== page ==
HTTP/1.0 200 OK Content-Type: text/html No Easy Answers For Drug Crisis
Pubdate: Wed, 07 Feb 2018
Source: Abbotsford News (CN BC)
Copyright: 2018 Abbotsford News
Contact:  http://www.abbynews.com/
Details: http://www.mapinc.org/media/1155

NO EASY ANSWERS FOR DRUG CRISIS

There was some good news out of the report the B.C. Coroners Service
released Jan. 31, that overdose deaths declined in the last quarter of
2017 compared to 2016.

There were 99 deaths last December, compared to 164 the previous year.
But that's about all the good news. Overall, 2017 was the deadliest
year for overdose deaths B.C. has ever seen, with 1,422 deaths
compared to 914 in 2016.

In the majority of those deaths - 81 per cent - the synthetic opioid
fentanyl played a part. That's an increase over 2016 again, when the
figure was estimated at 67 per cent. That many deaths makes you
question just how much fentanyl is in circulation, and how many other
overdoses there were that didn't result in death, thanks to naloxone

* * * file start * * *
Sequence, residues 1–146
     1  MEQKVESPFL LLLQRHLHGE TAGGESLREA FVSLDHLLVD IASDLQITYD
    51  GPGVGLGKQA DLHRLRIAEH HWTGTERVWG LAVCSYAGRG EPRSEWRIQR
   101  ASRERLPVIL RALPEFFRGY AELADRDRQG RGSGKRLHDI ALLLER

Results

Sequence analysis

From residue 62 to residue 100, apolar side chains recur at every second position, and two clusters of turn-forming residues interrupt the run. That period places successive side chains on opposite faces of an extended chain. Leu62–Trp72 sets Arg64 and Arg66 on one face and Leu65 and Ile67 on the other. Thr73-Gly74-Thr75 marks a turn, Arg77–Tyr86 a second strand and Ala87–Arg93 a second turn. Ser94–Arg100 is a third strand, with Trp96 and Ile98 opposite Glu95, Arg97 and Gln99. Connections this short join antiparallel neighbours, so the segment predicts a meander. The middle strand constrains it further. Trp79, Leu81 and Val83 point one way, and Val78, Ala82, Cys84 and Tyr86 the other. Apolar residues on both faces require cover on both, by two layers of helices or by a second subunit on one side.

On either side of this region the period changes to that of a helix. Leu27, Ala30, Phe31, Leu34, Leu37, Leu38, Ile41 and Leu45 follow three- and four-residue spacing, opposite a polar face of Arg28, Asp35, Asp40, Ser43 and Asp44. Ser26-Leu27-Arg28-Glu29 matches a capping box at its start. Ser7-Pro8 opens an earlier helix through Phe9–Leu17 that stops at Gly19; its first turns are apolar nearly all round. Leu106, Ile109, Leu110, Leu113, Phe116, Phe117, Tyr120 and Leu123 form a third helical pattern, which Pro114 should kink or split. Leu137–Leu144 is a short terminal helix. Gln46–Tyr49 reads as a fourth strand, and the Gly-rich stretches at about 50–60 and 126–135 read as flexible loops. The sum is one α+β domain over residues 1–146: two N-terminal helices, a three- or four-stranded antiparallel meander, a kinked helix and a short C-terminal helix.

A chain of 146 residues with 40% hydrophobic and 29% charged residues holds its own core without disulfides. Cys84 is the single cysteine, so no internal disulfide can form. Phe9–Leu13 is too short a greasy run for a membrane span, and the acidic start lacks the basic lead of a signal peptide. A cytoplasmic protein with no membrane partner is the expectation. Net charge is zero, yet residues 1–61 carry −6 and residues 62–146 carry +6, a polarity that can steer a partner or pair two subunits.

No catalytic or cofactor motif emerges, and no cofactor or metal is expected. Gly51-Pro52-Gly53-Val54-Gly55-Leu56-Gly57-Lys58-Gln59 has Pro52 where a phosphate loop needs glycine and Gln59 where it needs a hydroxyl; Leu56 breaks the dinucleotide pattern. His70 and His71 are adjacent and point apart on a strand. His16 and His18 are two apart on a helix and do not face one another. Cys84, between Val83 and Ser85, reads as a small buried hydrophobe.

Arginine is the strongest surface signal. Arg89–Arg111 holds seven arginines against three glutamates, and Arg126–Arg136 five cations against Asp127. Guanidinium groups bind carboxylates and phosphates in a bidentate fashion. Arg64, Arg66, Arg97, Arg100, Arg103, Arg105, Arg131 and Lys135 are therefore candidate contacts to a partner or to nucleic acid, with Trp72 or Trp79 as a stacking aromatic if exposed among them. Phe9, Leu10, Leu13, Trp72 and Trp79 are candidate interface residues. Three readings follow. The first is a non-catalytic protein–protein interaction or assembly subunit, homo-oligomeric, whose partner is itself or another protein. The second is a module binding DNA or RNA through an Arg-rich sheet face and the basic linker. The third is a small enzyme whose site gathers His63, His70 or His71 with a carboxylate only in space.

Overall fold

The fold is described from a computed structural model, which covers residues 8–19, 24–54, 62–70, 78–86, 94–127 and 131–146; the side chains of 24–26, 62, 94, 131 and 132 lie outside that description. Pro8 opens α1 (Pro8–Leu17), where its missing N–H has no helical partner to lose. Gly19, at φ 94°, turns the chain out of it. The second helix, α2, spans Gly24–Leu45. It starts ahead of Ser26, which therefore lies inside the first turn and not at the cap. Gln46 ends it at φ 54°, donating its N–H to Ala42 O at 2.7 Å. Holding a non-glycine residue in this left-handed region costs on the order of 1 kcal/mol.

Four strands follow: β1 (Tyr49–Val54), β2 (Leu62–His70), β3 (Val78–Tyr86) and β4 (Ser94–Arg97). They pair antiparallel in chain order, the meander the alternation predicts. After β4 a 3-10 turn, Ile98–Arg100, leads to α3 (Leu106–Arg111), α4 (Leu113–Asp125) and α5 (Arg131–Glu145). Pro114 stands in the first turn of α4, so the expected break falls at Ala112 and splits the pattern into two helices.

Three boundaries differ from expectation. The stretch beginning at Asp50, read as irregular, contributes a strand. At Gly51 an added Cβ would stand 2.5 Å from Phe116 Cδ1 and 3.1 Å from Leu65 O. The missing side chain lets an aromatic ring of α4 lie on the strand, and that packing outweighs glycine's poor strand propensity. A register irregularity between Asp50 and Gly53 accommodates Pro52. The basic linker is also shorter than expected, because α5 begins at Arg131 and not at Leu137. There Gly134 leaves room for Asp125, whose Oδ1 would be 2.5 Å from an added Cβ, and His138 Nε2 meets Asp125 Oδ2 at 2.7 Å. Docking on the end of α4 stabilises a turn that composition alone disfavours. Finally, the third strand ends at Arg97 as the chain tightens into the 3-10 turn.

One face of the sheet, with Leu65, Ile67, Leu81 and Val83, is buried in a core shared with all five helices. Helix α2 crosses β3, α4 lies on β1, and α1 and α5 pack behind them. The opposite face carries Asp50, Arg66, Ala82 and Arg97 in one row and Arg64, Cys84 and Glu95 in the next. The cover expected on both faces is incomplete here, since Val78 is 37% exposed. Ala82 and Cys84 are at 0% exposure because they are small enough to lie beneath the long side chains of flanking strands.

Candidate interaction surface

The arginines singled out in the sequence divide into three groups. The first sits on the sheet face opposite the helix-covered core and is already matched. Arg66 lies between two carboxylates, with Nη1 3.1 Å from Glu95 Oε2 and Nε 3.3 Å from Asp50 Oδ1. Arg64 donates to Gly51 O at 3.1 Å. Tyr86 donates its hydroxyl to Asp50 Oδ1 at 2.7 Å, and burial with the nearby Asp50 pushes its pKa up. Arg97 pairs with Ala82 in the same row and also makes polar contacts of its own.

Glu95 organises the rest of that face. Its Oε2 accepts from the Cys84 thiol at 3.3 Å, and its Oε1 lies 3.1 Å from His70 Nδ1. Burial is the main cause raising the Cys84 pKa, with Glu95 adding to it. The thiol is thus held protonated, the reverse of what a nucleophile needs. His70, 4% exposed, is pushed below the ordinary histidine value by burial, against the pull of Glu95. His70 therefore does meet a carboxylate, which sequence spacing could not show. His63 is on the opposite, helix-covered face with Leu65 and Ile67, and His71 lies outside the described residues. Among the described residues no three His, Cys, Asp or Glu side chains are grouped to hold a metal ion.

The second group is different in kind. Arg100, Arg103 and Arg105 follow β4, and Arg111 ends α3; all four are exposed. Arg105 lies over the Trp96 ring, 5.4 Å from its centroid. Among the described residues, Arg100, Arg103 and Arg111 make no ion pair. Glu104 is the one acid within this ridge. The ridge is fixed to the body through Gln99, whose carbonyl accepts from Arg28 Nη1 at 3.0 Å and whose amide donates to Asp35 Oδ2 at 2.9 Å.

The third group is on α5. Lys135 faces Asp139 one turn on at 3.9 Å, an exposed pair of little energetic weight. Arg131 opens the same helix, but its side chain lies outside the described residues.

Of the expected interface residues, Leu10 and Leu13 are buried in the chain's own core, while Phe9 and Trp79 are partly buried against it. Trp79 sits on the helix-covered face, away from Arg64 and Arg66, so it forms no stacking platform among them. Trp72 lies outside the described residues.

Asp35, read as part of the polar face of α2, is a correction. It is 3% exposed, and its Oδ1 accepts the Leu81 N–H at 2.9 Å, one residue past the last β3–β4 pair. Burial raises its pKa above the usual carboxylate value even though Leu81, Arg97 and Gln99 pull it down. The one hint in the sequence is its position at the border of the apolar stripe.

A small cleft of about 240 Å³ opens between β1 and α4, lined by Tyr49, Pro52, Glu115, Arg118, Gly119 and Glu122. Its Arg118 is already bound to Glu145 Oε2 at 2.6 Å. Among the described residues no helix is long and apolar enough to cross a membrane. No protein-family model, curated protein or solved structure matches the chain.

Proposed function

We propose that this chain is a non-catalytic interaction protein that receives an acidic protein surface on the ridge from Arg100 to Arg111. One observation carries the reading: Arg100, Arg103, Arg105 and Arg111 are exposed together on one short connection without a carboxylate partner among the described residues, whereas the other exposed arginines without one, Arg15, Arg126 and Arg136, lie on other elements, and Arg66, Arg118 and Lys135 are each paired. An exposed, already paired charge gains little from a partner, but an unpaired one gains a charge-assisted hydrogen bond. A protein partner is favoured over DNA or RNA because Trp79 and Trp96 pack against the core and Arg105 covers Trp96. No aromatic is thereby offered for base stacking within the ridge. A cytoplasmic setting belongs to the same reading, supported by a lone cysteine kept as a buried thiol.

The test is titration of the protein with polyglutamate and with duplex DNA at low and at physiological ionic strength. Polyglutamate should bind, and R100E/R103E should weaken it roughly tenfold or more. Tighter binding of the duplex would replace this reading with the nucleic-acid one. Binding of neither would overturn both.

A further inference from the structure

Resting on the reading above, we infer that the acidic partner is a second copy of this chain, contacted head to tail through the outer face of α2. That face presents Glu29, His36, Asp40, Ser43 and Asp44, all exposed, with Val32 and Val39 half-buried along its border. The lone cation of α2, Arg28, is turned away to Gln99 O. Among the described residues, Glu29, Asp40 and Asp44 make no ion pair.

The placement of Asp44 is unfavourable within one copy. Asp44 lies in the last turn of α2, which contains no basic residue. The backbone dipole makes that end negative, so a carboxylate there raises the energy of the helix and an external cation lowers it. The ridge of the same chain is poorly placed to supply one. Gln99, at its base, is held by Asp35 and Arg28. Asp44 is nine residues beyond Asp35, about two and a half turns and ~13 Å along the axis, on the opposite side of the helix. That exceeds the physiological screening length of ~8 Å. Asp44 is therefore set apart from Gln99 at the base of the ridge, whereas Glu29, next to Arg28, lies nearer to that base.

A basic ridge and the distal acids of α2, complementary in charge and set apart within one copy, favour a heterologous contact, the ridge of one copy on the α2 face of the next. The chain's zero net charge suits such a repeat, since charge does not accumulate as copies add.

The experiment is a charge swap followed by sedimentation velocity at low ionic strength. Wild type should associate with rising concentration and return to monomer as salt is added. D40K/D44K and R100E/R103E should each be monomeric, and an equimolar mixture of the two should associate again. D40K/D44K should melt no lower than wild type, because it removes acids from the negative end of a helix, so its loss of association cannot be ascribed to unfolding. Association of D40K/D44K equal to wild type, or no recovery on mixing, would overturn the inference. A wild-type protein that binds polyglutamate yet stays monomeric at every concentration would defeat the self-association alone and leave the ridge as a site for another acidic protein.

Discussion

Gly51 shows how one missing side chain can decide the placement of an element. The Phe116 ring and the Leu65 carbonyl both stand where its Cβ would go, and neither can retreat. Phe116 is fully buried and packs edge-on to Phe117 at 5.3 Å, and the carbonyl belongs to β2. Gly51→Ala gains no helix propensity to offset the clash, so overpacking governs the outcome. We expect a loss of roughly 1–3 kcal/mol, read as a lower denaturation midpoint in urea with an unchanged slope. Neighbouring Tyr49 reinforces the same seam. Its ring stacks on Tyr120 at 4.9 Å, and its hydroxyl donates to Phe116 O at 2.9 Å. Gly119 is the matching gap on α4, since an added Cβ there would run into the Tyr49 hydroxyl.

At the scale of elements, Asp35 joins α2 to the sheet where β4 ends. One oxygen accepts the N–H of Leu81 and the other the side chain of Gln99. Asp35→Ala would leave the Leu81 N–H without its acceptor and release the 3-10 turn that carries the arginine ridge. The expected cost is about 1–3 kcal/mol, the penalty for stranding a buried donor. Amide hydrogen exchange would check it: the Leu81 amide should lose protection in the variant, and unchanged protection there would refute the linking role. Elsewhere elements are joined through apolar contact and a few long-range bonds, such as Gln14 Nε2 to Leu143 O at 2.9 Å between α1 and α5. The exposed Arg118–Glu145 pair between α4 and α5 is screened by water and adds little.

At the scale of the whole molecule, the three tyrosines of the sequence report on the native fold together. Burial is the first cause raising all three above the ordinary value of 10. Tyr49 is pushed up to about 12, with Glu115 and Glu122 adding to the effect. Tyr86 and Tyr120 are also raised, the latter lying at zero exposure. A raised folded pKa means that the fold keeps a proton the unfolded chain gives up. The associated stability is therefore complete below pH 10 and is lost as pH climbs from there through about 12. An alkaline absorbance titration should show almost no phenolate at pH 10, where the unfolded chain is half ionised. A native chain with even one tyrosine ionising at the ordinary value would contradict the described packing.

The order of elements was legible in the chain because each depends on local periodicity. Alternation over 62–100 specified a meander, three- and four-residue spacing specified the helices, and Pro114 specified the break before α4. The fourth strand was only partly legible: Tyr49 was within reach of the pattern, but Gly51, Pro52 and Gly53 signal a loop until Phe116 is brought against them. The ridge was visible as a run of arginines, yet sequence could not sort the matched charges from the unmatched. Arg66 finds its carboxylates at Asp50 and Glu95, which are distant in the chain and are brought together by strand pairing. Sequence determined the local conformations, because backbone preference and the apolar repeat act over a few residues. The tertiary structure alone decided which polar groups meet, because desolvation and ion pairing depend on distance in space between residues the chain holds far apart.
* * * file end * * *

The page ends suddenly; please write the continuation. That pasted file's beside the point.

or other lifesaving measures.

Overdose deaths have been on the rise since 2008, when there were
fewer than 200 deaths. Over the last three years - 2015, 2016 and 2017
- - the numbers have climbed dramatically. The downward trend towards
the end of last year is positive, even indicative, that current
measures are working.

But it's way too early for governments and non-government
organizations to relax. The impact of this crisis is overwhelming and
spreads throughout society thanks to years of over-prescribing
painkillers, creating addicts in neighbourhoods from the poorest to
the richest.

The Coroners Service is quick to point out that no deaths occurred at
any supervised consumption site or at any of the drug overdose
prevention sites. And while that is significant, it's not the answer.

Making naloxone kits available is really only a stopgap measure. Any
lasting solution to stopping this waste of human life is going to have
to take place earlier, and it is going to require a massive
co-ordinated effort: reduce the amount of drugs on the street, prevent
people from falling into drug abuse in the first place and,
especially, make addiction treatment easier to access than the drugs.
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